So that process will continue, and I don't think there'll be new products or new countries. It'll be solidifying the already strong position we have, investing more behind things that are working and things where we have a very availability or pro availability. There are parts of the business that are also not working and have not worked which we have called out in various points of time. And some of those we have already divested. And some probably are in the process of restructuring and potentially, we'll decide what are the best value optimization for ourselves as the rightful owners or otherwise. And at appropriate points of time, if we change our mind about owning these assets, we will probably find the right home for them.

So that is going to be an ongoing dynamic process. So there is going to be no big announcement or there's going to be no big change. I think we are very comfortable with the trajectory that we have established, and we'll stay focused on that. We think there are some strong trends in the market which support a lot of the strategic initiatives that we had chosen. We're also solidifying our position on the sustainability areas, that stores that was initiated last year, digitization initiatives, all of which can help us leapfrog and transform our business and do much better in our markets. So that's really the direction. Nothing very different from what you heard in the past.

Hung Chow

Is there a next question? If there isn't, there's a question online, which is somewhat related to Mervin's question. But not really on the new strategic plan but on how Olam is on track to reach these goals for the '16 to '18 strategic plan? Can you comment on that, Shekhar?

Shekhar Anantharaman

Yes, the -- I mean, like, I probably already answered that, that in overall direction, we feel quite positive about what we've achieved during this last plan. It has been a very volatile period on -- for most commodities, and actually across the industry, there have been lots of -- there's probably more bad news than good news. So it has been a tough time for the entire larger agri industry. And so we have also seen some upswings and downswings in some of the businesses. But in our prioritized platforms across all the 6 platform that we identified, we feel very comfortable that notwithstanding some of the ups and downs in cyclical aspects that have hit us, or probably like Muthu was talking about Coffee this year have hit us this year. We feel that these businesses and platforms are extremely well positioned. They're in a much better place, more solid position, competitively -- better positioned competitively. And so we feel quite good about the performance of the '16 to '18, despite very challenging marketing conditions, despite very challenging industry-wide performance. So yes, at this point in time, things could always be better, but we feel quite good about where we are today.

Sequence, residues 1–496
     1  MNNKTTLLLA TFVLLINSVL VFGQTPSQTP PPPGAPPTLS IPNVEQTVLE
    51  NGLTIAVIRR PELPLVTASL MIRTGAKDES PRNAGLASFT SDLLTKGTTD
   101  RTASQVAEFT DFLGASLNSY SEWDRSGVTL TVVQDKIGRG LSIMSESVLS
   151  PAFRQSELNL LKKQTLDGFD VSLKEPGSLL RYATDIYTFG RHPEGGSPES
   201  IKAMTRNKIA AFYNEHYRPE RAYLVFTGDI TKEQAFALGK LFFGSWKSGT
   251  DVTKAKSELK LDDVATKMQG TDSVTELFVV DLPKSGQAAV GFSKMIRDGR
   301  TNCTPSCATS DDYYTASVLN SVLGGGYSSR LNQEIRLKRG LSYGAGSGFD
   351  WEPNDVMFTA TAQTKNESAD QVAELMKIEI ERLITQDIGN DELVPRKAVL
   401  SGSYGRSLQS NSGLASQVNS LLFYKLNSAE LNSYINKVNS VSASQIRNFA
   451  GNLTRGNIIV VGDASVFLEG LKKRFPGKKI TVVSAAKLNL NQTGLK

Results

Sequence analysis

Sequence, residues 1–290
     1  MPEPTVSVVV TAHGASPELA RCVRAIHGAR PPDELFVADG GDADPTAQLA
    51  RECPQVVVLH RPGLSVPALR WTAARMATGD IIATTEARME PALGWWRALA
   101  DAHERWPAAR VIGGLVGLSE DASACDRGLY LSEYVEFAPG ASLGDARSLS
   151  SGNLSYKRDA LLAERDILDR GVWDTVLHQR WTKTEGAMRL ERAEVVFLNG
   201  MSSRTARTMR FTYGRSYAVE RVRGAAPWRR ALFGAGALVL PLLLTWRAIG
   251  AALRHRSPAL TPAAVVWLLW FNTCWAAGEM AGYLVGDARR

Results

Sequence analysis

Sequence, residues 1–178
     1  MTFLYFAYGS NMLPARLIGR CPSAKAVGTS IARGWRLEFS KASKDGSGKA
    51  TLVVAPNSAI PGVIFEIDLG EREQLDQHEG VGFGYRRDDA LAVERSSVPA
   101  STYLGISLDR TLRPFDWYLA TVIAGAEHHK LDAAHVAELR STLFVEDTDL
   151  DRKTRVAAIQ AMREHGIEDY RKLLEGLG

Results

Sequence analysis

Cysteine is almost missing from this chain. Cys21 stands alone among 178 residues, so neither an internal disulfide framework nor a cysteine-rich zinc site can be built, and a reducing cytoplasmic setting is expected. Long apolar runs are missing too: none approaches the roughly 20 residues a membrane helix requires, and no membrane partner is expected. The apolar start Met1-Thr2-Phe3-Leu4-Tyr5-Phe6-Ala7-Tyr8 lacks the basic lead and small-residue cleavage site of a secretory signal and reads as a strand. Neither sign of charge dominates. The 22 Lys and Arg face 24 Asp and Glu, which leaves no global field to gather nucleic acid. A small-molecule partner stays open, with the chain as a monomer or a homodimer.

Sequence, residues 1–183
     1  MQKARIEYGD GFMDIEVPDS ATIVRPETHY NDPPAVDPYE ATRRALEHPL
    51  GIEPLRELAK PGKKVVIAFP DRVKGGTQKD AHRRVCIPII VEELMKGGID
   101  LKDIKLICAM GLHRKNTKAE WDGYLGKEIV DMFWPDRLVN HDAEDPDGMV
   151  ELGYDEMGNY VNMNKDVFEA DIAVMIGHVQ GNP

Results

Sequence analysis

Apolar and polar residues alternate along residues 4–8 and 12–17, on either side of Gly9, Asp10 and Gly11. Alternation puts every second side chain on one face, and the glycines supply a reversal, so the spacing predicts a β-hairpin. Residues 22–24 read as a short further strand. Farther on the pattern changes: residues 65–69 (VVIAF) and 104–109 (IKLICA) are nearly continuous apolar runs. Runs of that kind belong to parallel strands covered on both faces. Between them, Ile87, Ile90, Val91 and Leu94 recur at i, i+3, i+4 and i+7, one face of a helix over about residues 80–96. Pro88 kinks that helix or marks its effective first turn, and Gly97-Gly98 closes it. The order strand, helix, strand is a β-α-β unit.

Hung Chow

There's a question on the segments or rather the businesses that have not performed so well in the past 9 months. What is your plan to contain these businesses, the CFS business, the Coffee and the peanuts business?

Shekhar Anantharaman

If you look at the -- each of this is a slightly different set of situations. The Coffee business, we solidly believe in it, we have an extremely sound position. Last 15 months have been very tough for Coffee, the entire industry, it's nothing very Olam specific. We think it is cyclical. And if you actually look at what's been happening over the last probably four to six weeks, the market's already turning. So market was -- so last year second half, we had very short craps. The market was in a supply deficit. However, the market kept going down because of strong funds action in the markets, which was kind of not supported by supply-demand fundamentals. The market went into a backwardation, and that hurts an origin player like us and that's hurt all the other participants as well. But if you see what's happened in the last six weeks, both the -- post the Brazilian election, which caused some amount of uncertainty September and October.

But after that the markets have revived. Coffee had dropped down to below $1 and has now picked up. We still think there are very good crops which is good for us. With our strong origination presence, we think that'll be very good for Olam Coffee. And we think with the market getting back into carry, both in Arabica and Robustas, that can only be positive for the entire business. I think this is not something which only hit supply chain players like us, it hit all the participants in the business. So I guess that the market getting back to normalcy will only help. So the Coffee business, what has happened in the last quarter or last second half of last year and through this year is already turning, as we speak, in Q4, and we feel quite comfortable there going forward. So we're not really talking about any changes there. As far as the peanut business is concerned, again, that was really a big chunk, almost predominately was from what happened in Argentina.